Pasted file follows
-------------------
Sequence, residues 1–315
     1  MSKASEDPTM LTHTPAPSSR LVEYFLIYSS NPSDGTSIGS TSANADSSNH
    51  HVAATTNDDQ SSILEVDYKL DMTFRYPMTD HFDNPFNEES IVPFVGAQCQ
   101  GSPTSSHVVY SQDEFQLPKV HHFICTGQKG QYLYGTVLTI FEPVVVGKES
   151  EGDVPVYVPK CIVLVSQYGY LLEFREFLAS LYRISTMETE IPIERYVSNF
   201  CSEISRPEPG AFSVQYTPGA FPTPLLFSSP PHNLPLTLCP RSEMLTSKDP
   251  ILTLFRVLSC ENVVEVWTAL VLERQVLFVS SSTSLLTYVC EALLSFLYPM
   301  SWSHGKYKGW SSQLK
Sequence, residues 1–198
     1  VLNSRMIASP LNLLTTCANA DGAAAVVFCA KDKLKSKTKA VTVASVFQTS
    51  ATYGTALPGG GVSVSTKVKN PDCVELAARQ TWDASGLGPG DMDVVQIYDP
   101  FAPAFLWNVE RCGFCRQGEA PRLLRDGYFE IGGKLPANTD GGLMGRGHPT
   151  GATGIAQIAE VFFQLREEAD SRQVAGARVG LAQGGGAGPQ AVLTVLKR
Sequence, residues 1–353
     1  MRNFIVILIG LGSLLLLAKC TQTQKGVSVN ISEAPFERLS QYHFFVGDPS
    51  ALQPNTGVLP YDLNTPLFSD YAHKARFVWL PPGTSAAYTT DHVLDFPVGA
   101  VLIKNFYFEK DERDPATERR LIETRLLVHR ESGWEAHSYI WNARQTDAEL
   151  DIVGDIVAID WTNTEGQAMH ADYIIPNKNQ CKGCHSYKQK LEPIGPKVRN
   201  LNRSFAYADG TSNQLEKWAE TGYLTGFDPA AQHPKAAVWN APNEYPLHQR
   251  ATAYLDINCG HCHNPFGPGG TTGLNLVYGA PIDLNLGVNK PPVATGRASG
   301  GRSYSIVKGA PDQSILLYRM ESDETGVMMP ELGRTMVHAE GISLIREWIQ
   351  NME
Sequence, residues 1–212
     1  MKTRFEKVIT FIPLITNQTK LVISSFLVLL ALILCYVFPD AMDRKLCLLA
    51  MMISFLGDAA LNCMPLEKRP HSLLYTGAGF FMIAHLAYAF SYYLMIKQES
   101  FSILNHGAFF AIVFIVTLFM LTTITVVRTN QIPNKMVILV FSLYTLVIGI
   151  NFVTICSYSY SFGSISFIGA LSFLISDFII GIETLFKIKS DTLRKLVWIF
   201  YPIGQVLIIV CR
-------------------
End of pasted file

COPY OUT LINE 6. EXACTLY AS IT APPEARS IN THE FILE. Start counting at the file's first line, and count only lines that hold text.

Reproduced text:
   201  CSEISRPEPG AFSVQYTPGA FPTPLLFSSP PHNLPLTLCP RSEMLTSKDP